Residential Artificial Turf Introduction
Artificial turf is an attractive and nearly maintenance free alternative to a natural grass lawn. It's ideal for people who want a green, manicured lawn year round, but don't want to spend a much time on yard work.
Synthetic grass was first introduced in the 1960s for professional sports teams, and is now widely used in all levels of sports for indoor and outdoor fields. But the ease of maintenance makes it a great option for residential landscaping, too. The cost has also come down as technologies have improved, making artificial turf a realistic option for homeowners today.
Modern artificial turf is nearly indistinguishable from natural grass in appearance and texture. It can be installed with a sand or rubber infill that acts as an extra cushion, making it an ideal surface for children to play. It can be used to cover an entire lawn or just in specific areas - around a pool or playground, for example.
Advantages of artificial turf
One of the greatest benefits of artificial turf is that it requires very little maintenance when compared to natural grass. Your lawn always looks perfectly manicured with no need to mow, water, weed, or reseed. This saves both time and money.
Homeowners with artificial turf never have to replace a lawnmower, pay a landscaper, or trek to the hardware store for grass seed or weed killers. With no need for sprinklers or irrigation, water bills drop substantially.
The environmental benefits have also lured some homeowners - artificial turf allows them to conserve a significant amount of water each year and eliminates the need for pesticides. Other benefits of synthetic turf include:
- Holds up to wear and tear far better than natural grass
- Safe for children and pets
- Easy to clean
- Can increase the resale value of your home
- Doesn't attract bugs and other pests like natural grass
- No grass stains
- No bare or brown spots
However, artificial turf does have its disadvantages. It tends to get hotter than natural grass and materials on the surface don't break down as easily. And despite the advances in technology, less expensive types of artificial turf still may not have as much give as grass.
Materials, Maintenance, Life Expectancy & Pricing
Materials, maintenance and life expectancy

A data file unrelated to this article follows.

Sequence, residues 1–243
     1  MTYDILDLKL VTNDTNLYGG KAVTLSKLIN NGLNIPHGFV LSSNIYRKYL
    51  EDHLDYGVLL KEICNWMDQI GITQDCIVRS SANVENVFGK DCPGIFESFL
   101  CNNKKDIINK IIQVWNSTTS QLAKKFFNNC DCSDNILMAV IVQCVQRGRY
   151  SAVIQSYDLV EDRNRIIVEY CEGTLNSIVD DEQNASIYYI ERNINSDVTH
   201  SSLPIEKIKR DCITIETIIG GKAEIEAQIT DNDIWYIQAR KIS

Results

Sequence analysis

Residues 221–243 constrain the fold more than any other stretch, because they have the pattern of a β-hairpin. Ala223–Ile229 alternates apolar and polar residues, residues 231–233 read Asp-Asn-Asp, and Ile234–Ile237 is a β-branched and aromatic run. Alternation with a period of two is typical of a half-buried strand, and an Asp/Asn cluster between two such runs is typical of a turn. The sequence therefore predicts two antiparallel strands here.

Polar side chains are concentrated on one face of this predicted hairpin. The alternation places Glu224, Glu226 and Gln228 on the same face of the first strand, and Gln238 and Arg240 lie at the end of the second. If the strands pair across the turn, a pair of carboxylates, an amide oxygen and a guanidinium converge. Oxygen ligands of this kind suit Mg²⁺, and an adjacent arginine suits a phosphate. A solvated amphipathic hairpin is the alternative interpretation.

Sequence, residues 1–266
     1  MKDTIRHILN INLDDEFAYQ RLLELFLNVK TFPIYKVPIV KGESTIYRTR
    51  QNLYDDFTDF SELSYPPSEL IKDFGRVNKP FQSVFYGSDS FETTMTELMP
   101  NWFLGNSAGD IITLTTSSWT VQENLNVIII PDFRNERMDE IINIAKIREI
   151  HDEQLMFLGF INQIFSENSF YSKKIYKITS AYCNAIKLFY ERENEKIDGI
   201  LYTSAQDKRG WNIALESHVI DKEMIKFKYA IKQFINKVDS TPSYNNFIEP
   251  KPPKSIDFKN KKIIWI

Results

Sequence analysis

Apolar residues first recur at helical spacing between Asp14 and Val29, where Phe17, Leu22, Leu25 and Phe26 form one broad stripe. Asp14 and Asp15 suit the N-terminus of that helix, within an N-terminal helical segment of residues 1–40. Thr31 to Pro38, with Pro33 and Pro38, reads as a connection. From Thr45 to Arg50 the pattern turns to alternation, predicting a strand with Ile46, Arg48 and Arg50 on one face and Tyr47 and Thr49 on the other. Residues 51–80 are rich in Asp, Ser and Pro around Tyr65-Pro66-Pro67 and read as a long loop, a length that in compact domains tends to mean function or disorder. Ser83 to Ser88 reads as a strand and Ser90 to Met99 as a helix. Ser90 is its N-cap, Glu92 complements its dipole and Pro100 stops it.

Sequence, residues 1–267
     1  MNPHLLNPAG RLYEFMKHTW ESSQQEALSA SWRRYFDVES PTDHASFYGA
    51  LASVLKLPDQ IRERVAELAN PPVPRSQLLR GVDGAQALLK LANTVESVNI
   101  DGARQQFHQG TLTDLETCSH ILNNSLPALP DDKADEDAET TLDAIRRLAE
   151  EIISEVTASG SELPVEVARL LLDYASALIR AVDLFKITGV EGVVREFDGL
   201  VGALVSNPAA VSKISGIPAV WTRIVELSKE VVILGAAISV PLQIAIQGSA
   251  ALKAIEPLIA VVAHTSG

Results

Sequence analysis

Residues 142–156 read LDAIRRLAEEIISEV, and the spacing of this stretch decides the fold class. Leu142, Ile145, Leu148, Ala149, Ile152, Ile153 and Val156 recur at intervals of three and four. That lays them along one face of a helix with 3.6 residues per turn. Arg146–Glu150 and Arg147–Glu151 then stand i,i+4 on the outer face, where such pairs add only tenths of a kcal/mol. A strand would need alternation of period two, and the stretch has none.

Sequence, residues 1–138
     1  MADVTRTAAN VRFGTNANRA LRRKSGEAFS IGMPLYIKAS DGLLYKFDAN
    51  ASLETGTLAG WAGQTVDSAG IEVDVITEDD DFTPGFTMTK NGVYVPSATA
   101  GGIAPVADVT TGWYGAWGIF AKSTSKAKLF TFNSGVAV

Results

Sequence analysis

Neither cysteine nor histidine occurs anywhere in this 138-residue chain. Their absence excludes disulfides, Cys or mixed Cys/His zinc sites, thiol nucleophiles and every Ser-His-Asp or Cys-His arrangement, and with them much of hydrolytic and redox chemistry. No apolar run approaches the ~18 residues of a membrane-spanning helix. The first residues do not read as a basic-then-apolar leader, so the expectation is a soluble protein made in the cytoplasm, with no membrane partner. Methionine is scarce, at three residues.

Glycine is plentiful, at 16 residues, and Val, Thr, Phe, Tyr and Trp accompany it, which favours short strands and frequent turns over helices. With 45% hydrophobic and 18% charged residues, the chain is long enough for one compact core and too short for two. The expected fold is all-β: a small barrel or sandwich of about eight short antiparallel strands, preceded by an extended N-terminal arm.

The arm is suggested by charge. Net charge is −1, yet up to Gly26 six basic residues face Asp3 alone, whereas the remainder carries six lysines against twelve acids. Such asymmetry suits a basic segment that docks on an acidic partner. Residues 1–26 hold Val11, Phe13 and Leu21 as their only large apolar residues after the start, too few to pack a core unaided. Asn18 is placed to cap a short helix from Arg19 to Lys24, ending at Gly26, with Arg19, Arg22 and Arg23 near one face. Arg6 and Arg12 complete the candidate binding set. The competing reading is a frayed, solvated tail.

Artificial turf is constructed in much the same way as the carpet in your home. There are two major components - fibers and backing. The fibers, or "blades," are made up of tough nylon or a material called polypropylene, while the backing is typically plastic or polyester.
Generally, artificial turf lasts beyond 20 years with proper upkeep, and potentially up to 30 years. Many dealers offer warranties of 8 years or more. Most varieties of turf have a coating to protect against UV rays and prevent fading.
Although maintenance is minimal, it is important to "freshen" the turf and remove debris from time to time using a leaf blower, rake or brush. To clean up pet waste, simply rinse off the turf and allow the water to drain.
Cost of artificial turf
There's a significant upfront investment required with artificial turf. However, over the life of an artificial lawn, the cost can be recouped through maintenance savings.
The turf itself, without factoring in the cost of installation, typically runs between $2 and $6 per square foot. If you're going to do the job yourself, factor in another $2 or $3 per square foot for other materials. The turf is typically sold in rolls that are 15 feet wide and 60 to 100 square feet long - totaling up to 1,500 square feet and weighing hundreds of pounds.
Professional installation runs about $8 to $20 per square foot, but the price is heavily influenced by variable factors such as how much preparation the site needs and local fuel and labor prices. A dealer or contractor will likely have to visit your site before giving you an exact price for the project.
At a median price of $14 per square foot for professional installation, a 2,000 square foot yard would cost $28,000. That works out to $1,400 a year over 20 years. At that same price per square foot, a 600-square-foot playground would cost $8,400.
Installation & Tips
Proper installation is crucial for ensuring a long lifespan for your artificial lawn. Before the turf can be installed, your lawn may need to be leveled and configured for proper drainage. A contractor that meticulously prepares a site may charge more - but the extra cost is well worth it.
Once installed, turf can be "filled" with rubber or sand that helps creates a cushion below your feet. This extra step is probably worth the money if your lawn gets a lot of use, particularly from kids playing. But it's not worth the expense if your grass is just for show.
Tips for buyers
- Some homeowners associations place restrictions on artificial turf, so it's a good idea to check with your association or your local planning department before making a purchase.
- Be wary of quality - there's a big difference between outdoor carpet and artificial turf. Just because the turf is green doesn't mean it will hold up to years of high traffic.
- Make sure the artificial turf you choose comes with a warranty of at least 8 years. Although it should actually last much longer, 8 years is a reasonable standard in the industry for a warranty.
- Set a budget ahead of time and stick to it. Don't forget to factor in maintenance costs, no matter how minimal. If you don't want to be bothered with raking or rinsing the turf occasionally, keep in mind that you will have to pay someone to do it.